You need outside input. Ideally, you’ll hire an outside firm to help with your brand development. You should also have extensive conversations with those who love you most, your most loyal. You need to know why they love you. If you’re taking the project on internally, at least do the interviews. Outside input will expand your perspective and bring new ideas to light. Now, you might be feeling that it’s a bit disingenuous for a branding agency to suggest you hire an outside firm. We get it. But we believe this to our core. In fact, each time we’ve made a major investment in our brand, we’ve brought in outside help.
How to Know If (AND WHEN) Your BRAND needs HELP
A branding project is a big undertaking. Ask these questions to figure out if you need to take one on.
Can you answer these three questions?
What is the Memory that Your Company Leaves in the minds of its customers?
Unless you can answer this question immediately and succinctly, you should probably spend some time developing your brand. And remember, your answer can’t be that you’re the smartest (everyone’s smart) or that you provide the best customer service. Those things aren’t memorable.
If you asked your TEAM what your company does, how many answers would you get?
It doesn’t matter if you have a good answer to question 1 if the rest of your team has different answers to this question. One of the main goals of a brand is to create a consistent memory, and everyone in the company must be on the same page for that to come to fruition.
Are You confident your company could succeed even if your leading talent left?
It’s difficult to recruit and retain top talent. We think you should hang on to them as long as you can. But here’s the reality: top talent eventually moves on because they’re ambitious. If your success is built on their brilliance rather than a core brand, you are in a bit of trouble. You guessed it—time for a branding process!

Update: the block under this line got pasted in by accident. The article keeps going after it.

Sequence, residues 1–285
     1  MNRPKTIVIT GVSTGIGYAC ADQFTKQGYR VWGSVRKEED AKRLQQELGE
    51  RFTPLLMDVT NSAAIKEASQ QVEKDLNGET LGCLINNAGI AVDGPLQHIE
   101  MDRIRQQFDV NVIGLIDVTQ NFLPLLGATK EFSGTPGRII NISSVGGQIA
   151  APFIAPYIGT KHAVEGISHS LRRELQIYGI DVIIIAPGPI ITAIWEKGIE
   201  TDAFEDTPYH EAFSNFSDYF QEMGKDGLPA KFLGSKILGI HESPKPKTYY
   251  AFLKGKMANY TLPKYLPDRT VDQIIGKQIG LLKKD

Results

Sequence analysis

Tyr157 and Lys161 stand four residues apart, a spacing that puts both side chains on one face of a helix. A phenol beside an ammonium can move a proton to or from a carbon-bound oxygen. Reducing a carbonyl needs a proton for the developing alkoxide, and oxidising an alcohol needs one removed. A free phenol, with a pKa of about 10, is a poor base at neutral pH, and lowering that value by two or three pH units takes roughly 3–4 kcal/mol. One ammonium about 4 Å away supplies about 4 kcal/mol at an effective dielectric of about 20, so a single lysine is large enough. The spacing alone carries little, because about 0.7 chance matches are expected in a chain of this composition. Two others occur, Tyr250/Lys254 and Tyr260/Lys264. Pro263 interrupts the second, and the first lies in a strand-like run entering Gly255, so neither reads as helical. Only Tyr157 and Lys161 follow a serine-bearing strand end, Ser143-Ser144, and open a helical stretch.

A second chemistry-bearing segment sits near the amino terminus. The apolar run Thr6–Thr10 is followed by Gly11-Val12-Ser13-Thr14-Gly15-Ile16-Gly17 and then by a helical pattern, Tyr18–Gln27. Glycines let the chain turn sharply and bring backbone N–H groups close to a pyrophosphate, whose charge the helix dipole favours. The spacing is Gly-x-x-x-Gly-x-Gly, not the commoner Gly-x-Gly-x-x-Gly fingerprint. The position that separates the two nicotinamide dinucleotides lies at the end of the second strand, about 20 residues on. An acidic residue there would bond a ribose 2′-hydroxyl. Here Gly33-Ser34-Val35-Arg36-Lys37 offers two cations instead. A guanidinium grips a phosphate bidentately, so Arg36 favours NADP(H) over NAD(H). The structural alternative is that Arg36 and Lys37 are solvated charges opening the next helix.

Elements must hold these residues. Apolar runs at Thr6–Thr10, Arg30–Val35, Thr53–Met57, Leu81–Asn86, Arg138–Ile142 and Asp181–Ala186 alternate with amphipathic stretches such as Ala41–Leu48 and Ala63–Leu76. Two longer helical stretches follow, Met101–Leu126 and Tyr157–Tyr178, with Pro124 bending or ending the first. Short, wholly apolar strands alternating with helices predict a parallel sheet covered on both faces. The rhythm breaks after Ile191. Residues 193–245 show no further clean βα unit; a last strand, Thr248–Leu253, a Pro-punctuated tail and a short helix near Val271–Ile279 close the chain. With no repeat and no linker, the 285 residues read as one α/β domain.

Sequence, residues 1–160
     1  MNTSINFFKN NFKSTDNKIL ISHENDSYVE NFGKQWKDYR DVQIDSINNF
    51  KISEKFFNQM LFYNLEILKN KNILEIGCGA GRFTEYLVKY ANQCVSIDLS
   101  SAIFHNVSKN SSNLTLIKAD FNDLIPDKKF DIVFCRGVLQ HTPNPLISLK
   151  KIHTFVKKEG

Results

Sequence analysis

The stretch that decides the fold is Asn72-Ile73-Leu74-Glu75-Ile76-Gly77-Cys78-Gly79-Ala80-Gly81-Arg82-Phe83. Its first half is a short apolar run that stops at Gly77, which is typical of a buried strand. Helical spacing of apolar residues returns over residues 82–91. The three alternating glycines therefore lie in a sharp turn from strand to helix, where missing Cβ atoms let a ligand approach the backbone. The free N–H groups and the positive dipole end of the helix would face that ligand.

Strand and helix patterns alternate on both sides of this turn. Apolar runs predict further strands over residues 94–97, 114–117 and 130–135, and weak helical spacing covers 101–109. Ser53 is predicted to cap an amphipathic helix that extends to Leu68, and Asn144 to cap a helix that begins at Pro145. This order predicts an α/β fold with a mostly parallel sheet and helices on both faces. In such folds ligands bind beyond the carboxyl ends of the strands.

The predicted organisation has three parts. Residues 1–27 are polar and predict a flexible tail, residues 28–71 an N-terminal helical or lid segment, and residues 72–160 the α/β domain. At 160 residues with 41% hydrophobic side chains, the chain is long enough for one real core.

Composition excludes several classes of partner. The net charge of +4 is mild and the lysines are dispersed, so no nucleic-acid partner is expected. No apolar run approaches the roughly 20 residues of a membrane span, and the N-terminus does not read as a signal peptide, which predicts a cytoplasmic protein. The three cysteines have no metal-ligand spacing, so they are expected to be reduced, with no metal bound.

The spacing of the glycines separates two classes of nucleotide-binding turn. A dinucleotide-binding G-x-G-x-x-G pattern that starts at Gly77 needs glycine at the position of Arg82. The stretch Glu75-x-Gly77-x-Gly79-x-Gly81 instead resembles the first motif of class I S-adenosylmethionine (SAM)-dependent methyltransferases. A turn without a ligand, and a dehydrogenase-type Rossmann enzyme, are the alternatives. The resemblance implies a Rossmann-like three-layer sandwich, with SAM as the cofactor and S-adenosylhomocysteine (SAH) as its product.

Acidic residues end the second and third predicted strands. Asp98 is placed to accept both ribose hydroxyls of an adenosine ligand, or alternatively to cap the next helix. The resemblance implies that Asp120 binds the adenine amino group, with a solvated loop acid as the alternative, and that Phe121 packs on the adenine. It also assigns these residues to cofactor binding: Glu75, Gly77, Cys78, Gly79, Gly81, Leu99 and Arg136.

Bonus Question for executives & Founders:
What do you want your legacy to be, and are you on course to achieve it?
Some people start and build companies for the money. That’s fine. But we think those people are in the minority.
There’s a powerful fire burning inside of most entrepreneurs. You’re trying to create something meaningful, leave a legacy. Otherwise, what reward would we get from endless hours of toil? You may as well go work for someone else.
Are you thinking about what’s driving you?
Now think about your team. How many of them have that same deep drive, that motivation? Maybe you can count a few people. But the hard truth is that the majority of your team are working because they want to do a job. Sure, they want to work hard. And they’re incredibly talented. But they are still just doing a job. They don’t have a legacy in mind … let alone yours.
You must bridge that chasm to achieve your legacy. All of your business needs to operate in service of that legacy, otherwise it will become a profit-driven machine that will ultimately cave on its principles in order to get that extra percentage or two of margin. A strong brand that’s built around the legacy you’re trying to leave will protect you from that.